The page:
Jonathan Cape, £16.99
A departure from Roth’s recent meditations on the indignities of old age, his new novel revisits the age-old menaces of sex, death and communism. The campus-based tale, set against the backdrop of the Korean War, follows the son of a kosher butcher in 1950s Newark.
Nineteen-year-old freshman, Marcus Messner, attempts to escape his suffocating and overbearing father by leaving college in New Jersey and transfers, somewhat disastrously, to Winesberg College, Ohio. Messner is an A-grade student, while his new classmates are churchgoing, beer-swilling conservatives. Disregarding the Jewish fraternity and determined to escape the claustrophobia of his father’s oppressive love, the butcher’s shop, and the stink of blood and meat, Messner involves himself with a disturbed Gentile named Olivia Hutton.
Alienated by the Christian ethos and confused by his sexual experiences, Messner fears he is only a sexual-transgression away from ending up a doomed rifleman in Korea. His father is proved correct in his abnormal anxiety for his son’s welfare, because Messner is killed in action in Korea.
He is drafted after expulsion from Winesburg, following a series of amusing clashes with college authorities, charting Roth’s return to comic form. Roth condemns Messner to an afterlife of endless metaphysical incomprehension, doomed to revisit the events of his life. While death is a unifying preoccupation of Roth’s later work, the clumsy shift in narration from first person to third in the final chapter, spelling out Messner’s fate for anyone who hasn’t quite worked it out, is an ill-considered strategy which disrupts the otherwise propulsive and visceral narrative. But without Roth’s characteristically taught style, the novel would simply be a series of comic set-pieces which didn’t make the cut in his earlier works.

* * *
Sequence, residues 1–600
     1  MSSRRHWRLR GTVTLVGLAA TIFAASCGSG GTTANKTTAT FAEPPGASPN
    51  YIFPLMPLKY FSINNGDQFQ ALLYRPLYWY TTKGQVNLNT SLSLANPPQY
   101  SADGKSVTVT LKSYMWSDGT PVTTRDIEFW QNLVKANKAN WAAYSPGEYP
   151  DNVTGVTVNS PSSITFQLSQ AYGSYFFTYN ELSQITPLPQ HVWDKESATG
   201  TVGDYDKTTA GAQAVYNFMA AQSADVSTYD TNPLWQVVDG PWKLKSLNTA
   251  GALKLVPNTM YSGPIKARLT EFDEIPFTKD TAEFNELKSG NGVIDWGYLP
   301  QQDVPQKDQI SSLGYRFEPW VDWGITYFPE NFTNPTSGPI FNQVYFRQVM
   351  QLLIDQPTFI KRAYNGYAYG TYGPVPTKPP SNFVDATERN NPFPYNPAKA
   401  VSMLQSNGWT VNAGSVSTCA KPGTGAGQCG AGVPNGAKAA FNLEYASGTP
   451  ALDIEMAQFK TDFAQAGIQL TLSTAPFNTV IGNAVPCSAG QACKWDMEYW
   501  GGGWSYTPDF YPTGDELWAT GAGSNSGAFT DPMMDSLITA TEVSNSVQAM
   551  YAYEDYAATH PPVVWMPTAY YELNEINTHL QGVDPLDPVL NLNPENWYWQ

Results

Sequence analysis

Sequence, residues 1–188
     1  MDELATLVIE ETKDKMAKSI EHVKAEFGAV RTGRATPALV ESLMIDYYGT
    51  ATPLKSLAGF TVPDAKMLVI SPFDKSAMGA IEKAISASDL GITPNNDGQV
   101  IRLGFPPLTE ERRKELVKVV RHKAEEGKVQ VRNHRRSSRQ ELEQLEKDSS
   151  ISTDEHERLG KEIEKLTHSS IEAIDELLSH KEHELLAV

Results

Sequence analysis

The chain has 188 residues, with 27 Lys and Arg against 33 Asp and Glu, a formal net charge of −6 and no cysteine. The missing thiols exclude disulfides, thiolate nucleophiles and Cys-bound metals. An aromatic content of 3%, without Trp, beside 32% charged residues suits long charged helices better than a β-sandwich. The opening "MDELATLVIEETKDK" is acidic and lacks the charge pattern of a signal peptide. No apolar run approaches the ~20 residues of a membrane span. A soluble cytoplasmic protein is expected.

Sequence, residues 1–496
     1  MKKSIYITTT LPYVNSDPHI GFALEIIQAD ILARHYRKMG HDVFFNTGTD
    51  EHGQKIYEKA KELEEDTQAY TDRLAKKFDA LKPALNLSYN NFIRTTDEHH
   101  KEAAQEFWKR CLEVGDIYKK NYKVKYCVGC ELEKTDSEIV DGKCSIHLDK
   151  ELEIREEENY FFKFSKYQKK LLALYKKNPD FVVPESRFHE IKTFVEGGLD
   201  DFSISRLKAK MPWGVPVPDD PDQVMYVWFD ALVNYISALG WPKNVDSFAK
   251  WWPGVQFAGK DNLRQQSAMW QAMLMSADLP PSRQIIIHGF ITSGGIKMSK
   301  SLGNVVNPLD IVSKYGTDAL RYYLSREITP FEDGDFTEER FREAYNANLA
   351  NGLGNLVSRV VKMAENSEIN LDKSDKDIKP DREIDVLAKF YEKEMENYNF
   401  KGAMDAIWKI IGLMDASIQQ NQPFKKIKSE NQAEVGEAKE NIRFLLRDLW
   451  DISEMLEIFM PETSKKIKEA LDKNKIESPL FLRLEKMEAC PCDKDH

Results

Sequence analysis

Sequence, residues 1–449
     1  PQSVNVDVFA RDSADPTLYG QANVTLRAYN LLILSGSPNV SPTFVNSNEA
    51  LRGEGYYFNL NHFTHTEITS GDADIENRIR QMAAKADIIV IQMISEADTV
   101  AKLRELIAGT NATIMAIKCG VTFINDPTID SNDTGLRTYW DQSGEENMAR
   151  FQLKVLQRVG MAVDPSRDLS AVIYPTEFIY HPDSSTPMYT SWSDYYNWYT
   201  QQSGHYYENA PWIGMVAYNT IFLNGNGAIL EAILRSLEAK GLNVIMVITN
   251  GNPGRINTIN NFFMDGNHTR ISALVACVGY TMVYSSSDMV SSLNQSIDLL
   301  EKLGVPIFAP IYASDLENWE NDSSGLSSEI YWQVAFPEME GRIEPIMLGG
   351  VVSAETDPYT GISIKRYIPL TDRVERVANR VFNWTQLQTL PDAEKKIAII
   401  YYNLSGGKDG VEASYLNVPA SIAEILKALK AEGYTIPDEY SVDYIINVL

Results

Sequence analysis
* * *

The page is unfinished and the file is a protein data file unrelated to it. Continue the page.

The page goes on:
Messner’s sexual hi-jinks are not unlike that of previous Roth protagonist Mickey Sabbath, masturbating on his beloved’s grave; he is not simply another of Roth’s fictional alter-egos, but a far darker creation of sexual insecurity. The amount of sex (as in any Roth novel) is not quite enough to be gratuitous.
It is never an end in itself but a principal source of terror and neuroticism. While this may sound like well-trodden ground to anyone who has read at least one of Roth’s 29 novels on sex, conformity and religious and moral rectitude, it is anything but formulaic.
Much more satisfying than his last novel, the sorely disappointing Exit Ghost, Indignation is a combination of the poignant disenchantment of Roth’s recent works, and the righteous anger of his earlier novels.